Sunday, 25 March 2007

2 worlds of Turow balanced

March 25, 2007

2 worlds of Turow balanced

By Steve Penhollow, The Fort Wayne Journal Gazette

When Scott Turow left a career track in the English department at Stanford
University to go to law school, he recalls telling his friends and
colleagues that he was doing it to gain experience that would aid him in
writing future novels.

But he wasn't being truthful.

"I think it was just to circumvent criticism," he said in a phone interview
from his Chicago law office. "It was a sop to the people at Stanford who
were shocked that I could even consider leaving academia."

Turow did end up becoming one of our nation's finest crafters of legalistic
thrillers, an author who is as respected by critics as he is worshiped by

Turow will give the Fort Wayne Jewish Federation's "People of the Book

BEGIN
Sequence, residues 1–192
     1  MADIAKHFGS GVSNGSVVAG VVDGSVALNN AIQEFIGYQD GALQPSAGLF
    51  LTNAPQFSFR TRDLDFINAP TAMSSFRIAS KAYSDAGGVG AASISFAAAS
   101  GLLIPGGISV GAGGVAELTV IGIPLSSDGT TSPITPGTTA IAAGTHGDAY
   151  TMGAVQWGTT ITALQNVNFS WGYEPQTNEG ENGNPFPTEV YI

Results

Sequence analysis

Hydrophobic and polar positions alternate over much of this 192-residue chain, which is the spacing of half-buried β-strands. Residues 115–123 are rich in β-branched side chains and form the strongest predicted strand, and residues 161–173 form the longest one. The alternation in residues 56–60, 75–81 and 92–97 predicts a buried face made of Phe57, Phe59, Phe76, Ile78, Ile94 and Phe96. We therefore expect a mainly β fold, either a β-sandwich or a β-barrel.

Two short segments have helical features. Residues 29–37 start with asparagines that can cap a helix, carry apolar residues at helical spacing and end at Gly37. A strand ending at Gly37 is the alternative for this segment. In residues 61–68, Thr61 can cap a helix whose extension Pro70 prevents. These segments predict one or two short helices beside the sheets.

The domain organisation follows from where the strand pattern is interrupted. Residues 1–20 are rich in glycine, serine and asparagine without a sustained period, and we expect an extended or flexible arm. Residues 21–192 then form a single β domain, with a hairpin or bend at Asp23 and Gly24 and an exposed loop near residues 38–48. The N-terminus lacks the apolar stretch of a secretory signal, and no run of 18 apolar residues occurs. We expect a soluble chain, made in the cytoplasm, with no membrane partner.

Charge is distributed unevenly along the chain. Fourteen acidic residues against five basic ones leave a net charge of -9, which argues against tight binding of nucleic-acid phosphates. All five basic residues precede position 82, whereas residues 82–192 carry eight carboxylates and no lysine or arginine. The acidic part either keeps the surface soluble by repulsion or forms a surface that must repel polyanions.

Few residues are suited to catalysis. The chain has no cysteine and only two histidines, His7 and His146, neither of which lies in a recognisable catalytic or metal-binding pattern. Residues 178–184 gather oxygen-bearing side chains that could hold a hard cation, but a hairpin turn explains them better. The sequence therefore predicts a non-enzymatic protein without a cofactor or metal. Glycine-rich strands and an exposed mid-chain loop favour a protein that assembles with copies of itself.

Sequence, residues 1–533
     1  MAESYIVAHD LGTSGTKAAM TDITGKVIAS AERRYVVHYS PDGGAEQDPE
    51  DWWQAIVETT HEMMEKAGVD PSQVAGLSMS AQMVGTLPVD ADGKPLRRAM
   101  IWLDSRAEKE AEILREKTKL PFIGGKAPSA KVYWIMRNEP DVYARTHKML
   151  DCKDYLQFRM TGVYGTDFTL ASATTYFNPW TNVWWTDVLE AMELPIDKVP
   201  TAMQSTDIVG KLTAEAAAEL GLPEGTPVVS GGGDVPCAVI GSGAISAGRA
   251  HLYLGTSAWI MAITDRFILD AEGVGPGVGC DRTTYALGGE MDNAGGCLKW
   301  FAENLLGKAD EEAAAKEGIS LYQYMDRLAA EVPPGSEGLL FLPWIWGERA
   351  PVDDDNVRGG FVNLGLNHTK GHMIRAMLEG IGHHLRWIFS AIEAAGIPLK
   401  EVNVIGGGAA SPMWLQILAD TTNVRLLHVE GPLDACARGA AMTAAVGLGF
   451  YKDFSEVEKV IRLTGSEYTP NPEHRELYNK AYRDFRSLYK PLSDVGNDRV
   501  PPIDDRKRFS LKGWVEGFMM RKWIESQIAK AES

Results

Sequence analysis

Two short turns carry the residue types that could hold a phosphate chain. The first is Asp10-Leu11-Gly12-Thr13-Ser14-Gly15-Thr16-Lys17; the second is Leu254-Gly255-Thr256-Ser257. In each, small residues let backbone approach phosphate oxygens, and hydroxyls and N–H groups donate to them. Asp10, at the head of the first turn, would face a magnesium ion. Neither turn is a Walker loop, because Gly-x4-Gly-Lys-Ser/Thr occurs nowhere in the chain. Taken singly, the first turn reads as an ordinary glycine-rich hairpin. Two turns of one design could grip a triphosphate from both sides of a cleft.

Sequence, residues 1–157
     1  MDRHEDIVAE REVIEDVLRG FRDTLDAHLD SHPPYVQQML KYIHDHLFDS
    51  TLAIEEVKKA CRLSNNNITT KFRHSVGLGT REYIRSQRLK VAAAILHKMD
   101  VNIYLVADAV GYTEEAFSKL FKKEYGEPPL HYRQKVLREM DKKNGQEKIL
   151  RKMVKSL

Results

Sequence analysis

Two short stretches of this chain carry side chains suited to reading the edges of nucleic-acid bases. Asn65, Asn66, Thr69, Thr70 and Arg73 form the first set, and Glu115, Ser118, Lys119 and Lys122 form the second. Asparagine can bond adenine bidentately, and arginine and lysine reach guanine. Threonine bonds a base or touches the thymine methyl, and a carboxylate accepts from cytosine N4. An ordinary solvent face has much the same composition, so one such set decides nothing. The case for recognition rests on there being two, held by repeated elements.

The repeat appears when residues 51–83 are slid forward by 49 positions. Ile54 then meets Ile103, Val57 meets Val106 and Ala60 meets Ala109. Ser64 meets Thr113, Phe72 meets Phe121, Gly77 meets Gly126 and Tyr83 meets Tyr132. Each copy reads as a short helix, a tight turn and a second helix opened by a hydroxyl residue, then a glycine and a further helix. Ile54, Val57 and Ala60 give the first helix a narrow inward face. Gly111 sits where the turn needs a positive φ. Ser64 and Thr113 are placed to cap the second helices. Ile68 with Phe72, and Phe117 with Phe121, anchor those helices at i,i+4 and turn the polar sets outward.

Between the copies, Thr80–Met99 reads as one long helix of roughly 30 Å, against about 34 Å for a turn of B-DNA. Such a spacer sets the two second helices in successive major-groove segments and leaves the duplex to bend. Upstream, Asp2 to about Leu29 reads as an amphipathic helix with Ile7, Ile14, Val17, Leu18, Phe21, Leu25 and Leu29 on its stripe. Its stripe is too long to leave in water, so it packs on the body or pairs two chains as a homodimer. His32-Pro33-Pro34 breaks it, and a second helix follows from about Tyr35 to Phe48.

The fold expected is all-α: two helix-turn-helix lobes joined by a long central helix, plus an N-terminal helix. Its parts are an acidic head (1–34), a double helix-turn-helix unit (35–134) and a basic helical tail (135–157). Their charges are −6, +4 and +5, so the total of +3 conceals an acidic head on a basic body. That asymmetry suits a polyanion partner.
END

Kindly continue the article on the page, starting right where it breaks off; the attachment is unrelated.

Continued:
Lecture" on Monday at Congregation Achduth Vesholom.

Turow's desire to be a writer is considerably older than his desire to write
fiction about the law.

"I thought I was going to be the next (James) Joyce when I was at Amherst
(College)," he said. "It took me a long time to realize those were neither
my gifts nor my interests."

After graduating with high honors from Amherst College in 1970, Turow went
to Stanford University on an Edith Mirrielees Fellowship.

Turow soon realized he didn't want to become an English professor.

"There were lots of different factors," he said. "Certainly most compelling
was that I don't have a deep scholarly interest in literature. Criticism
doesn't excite me.

"I was starting to get a strong sense of the way English departments were
becoming politicized,

" Turow said. "There was a horrible battle at Stanford
over the appointment of a writing professor. People were acting as if the
survival of the Union was at stake.

"I asked myself, 'Do I really want to spend the rest of my (expletive) life
debating stupid (expletive) like this?' "